What Price Cheap Clothes?

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Will the Rana Plaza factory tragedy mean Bangladeshi garment workers no longer have to work in death traps? It's five months on from the collapse of the 8 storey building in Dhaka, in which more than a thousand workers died, and several thousand lost arms or legs or were paralysed. Jane Deith reports from Dhaka on what's happened since. Just how much medical and financial help have survivors and families of the dead received?

Campaigners said the disaster should be a "game changer" in forcing international brands who source cheap clothes in Bangladesh to take more responsibility for conditions within the factories they use. Safety inspections of hundreds of premises are due to begin in earnest. But the Western manufacturers are split on who should pay for expensive improvements - the clothing brands or the factory owners? It's estimated that it could cost $3bn to bring all the factories up to scratch.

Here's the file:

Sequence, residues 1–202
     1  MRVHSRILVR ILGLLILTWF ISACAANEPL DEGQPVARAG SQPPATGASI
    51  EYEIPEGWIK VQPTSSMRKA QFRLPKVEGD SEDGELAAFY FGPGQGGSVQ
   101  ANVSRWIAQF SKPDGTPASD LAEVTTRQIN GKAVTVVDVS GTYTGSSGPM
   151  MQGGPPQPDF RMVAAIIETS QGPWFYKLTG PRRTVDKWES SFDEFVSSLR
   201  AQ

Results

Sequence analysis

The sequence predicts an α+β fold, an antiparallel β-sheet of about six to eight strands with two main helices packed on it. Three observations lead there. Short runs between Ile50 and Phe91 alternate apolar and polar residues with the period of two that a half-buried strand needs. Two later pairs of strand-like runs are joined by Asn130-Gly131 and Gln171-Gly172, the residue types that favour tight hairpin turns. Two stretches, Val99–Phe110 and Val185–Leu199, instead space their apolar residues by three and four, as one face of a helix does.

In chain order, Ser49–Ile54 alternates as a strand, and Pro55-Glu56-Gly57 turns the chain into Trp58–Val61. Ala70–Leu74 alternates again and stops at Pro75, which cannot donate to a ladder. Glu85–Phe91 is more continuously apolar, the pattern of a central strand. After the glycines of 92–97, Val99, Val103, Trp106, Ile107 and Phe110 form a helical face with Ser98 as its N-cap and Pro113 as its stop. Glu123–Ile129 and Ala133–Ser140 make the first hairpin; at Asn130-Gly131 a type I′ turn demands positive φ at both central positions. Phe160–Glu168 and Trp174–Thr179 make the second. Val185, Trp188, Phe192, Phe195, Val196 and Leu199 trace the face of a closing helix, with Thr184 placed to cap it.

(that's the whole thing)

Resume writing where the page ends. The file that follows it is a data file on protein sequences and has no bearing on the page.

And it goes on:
But there are those who argue that Western shoppers who buy the cheap clothes, and the brands that sell them, don't deserve all the blame. The Bangladeshi government continues to limit the power of trade unions and is accused of failing to act against powerful manufacturing bosses when people die in their factories.

The safety campaigners agree that Western brands pulling out of Bangladesh would be the worst result for the country's four million garment workers and the families who rely on their earnings.

So is it possible to keep them in work and keep them safe?

Producer: Sally Chesworth.

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38 minutes

Last on

Sun 22 Sep 2013 17:00

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After the factory tragedy in which 1100 garment workers died, Jane Deith reports from Bangladesh on the response of the international companies which source cheap clothes there.   Read the Transcript

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